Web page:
I am going on the assumption that we would/will only have a tax liability with Mexico if we a) renounce our US citizenship and no longer file taxes with them b) we get jobs/start a Mexican business and have Mexican earned income or c) we receive more than a cumulative 100,000 pesos of 'real' interest. I believe none of that changes if we are permanent residents or Mexican citizens.
We are in the final moments of the Mexican citizenship process. We visited SRE recently when our status changed to 'document to be issued - waiting on printing'. The very helpful girl said that she thought she would have our letters by the end of the month.
In anticipation of becoming Mexican citizens we made an appointment and visited with SAT in late August. It was our intention to ask for Mexican RFC's and I brought along our Mexican 1099 equivalent forms. The girl had a 'bible-like' rule book and yet she did not know how we should handle negative real interest. She also had a lot of trouble completing the online forms for our RFCs since we were not Mexican citizens - and at one point I became concerned and asked her to stop the process. We will get real RFCs after we become citizens. BUT - even if you have an RFC you do not need to file a Mexican return - even if you sell your Mexican house.
My wife began receiving US social security in August and we opted to go through the FBU group at the Embassy and have her payments deposited into one of our Mexican banks (where I am the titular and she is the co-titular). The very first payment was rejected by our Mexican bank and we were told they would only accept the monies into an account where she was the titular. SO - we opened another account in her name. When we returned home - that very same day - the US treasury had reissued the payment and it was accepted into MY bank account.
Since a checking account in Mexico earns zero interest, I like to have my bank monies in a 'money market' like investment which currently earns 6% and from which I can withdraw money daily as needed. Well now we had my wife's new account and I wanted to do the same with that account. We have had my account for quite some time and the rules have changed (I am grandfathered in). Today - if you do not have a real SAT issued RFC you can only invest in fixed term bank CD like investments which earn much less than 6% and are not nearly as liquid.
Back to the topic of negative real interest for a moment. In Mexico inflation comes into play on your '1099 forms'. I wrote the Bank of Mexico and asked them how we handle negative real interest. Apparently it is possible to have VERY sizable 'nominal' interest and yet lose money in their eyes due to inflation, You can earn the equivalent of - say - 30,000 USD and yet your real interest might be -6,000 USD ! You don't need to report your $30,000 to Mexico. Only problem is - the US IRS only deals with nominal interest so you need to report that to them. You can claim a foreign tax credit for whatever ISR taxes you paid Mexico at the bank.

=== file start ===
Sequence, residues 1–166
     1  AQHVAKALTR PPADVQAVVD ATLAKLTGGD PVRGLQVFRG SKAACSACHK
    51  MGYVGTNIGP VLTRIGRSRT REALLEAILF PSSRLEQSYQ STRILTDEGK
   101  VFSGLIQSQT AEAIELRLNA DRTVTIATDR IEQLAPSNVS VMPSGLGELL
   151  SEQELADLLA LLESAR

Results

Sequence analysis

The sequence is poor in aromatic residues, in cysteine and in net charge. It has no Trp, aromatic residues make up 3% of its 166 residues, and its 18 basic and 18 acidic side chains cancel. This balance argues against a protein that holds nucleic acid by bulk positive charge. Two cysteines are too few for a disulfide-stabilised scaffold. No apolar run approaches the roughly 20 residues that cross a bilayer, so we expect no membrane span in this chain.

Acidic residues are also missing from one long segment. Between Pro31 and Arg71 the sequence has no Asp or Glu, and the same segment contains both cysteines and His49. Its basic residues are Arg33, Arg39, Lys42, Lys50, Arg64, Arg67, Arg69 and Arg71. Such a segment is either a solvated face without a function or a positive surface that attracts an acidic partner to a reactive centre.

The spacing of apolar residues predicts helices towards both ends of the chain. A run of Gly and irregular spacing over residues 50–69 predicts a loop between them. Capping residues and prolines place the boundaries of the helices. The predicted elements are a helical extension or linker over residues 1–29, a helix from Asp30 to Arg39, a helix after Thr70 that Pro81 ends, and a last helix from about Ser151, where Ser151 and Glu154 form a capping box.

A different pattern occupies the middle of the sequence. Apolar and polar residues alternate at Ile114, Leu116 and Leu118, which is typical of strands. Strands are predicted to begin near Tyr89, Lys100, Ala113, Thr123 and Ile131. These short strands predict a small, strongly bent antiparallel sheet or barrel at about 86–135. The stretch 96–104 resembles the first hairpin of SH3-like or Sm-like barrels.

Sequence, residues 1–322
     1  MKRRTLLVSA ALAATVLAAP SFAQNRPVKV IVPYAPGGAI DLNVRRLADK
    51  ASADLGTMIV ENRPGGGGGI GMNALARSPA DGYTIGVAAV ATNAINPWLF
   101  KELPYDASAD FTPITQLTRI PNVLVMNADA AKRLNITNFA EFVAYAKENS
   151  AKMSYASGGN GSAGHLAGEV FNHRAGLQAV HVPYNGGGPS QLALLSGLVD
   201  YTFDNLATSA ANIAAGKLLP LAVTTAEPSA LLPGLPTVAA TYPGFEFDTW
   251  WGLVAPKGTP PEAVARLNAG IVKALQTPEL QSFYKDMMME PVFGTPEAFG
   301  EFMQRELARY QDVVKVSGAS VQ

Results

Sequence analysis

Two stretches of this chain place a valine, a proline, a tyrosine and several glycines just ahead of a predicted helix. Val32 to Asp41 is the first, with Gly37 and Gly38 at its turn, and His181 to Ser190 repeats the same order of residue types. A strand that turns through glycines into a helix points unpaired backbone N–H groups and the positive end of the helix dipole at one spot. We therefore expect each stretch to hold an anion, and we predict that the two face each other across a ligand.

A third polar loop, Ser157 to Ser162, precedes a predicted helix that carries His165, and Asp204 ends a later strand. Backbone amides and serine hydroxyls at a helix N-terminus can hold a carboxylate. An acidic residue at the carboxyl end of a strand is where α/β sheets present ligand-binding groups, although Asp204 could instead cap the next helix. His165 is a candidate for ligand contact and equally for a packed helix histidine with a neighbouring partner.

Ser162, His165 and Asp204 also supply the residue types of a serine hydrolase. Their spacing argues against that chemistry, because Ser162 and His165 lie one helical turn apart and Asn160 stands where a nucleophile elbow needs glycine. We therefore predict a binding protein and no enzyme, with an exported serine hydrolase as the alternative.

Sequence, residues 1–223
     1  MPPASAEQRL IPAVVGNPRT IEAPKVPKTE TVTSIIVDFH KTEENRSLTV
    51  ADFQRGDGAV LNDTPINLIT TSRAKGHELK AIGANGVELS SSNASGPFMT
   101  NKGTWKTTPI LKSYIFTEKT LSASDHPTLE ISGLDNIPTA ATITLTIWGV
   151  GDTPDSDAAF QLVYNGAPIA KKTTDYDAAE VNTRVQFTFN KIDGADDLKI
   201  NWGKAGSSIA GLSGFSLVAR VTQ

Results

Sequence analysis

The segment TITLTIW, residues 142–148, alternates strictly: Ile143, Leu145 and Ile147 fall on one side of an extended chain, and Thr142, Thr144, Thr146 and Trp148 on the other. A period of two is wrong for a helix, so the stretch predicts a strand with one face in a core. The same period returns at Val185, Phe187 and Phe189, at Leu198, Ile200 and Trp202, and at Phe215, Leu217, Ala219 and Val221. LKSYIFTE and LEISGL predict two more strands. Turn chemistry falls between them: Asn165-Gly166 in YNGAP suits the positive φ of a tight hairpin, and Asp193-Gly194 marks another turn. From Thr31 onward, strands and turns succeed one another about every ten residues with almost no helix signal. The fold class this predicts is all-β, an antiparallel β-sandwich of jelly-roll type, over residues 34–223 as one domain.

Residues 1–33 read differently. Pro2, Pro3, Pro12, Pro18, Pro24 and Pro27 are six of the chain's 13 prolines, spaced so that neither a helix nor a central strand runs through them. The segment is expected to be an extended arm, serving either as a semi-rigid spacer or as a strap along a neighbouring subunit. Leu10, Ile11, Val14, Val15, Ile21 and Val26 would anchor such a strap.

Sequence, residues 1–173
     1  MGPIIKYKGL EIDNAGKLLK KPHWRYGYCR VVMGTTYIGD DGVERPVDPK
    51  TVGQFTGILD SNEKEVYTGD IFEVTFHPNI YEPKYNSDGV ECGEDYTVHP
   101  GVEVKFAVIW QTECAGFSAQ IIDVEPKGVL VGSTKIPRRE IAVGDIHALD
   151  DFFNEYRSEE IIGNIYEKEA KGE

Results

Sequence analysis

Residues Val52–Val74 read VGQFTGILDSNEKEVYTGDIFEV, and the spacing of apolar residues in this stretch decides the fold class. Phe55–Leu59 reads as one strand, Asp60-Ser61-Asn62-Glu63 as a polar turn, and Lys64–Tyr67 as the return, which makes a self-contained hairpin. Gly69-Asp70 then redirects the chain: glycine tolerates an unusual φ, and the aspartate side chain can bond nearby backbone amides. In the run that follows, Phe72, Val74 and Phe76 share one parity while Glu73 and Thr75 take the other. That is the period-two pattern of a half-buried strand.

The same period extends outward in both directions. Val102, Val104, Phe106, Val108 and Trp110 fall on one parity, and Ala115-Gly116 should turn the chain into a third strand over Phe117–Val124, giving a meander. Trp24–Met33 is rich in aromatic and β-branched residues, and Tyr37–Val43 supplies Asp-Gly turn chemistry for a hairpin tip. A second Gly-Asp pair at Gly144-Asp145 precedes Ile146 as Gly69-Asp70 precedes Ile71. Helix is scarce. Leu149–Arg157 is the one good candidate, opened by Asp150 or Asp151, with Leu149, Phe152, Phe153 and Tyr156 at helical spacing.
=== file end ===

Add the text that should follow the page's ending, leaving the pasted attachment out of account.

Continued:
Thank you so much for tracking this down with an international CPA. Except in this one case, it has been impossible to find a straightforward answer on this topic.
We have been Costa Rica residents for nigh on 12 years now, CR does not tax SS benefits (but that's clearly going to change in the near future) and has no totalization agreement with the U.S. (many expats here just assume that will happen, but I'm not so sanguine about that!).
Anyway, your info has removed an obstacle to our planned relocation to Mexico.
You are considered a tax resident if your primary abode is in Mexico AND you work in Mexico (center of your professional activity). So most retired people getting all of their funds from the US would probably not have to file a Mexican return. Even if you did have to file, the taxes paid in the US would offset to a degree any liability you have (tax treaty). I'm not sure if SS or pensions are specifically exempt, but I suspect they are. So, even if you did become a permanent resident that is not the same thing as being a tax resident.
Article 19(1)(b) of the United States-Mexico Income Tax Convention provides the exclusion from Mexican tax of social security benefits paid by the United States to a citizen of the United States living in Mexico, or to a resident of Mexico, as follows:
"b) social security benefits and other public pensions paid by a Contracting State to a resident of the other Contracting State or a citizen of the United States shall be taxable only in the first-mentioned State."
To the extent that treaty provisions are in conflict with domestic law, the treaty controls.
Expats in Mexico continue to rate the country highly. Even though there are always security concerns, expats who prepare properly enjoy excellent weather in close proximity to the United States and at a much lower cost of living.
Expats in Mexico continue to rate the country highly. Even though there are always security concerns, expats who prepare properly enjoy excellent weather in close proximity to the United States and a...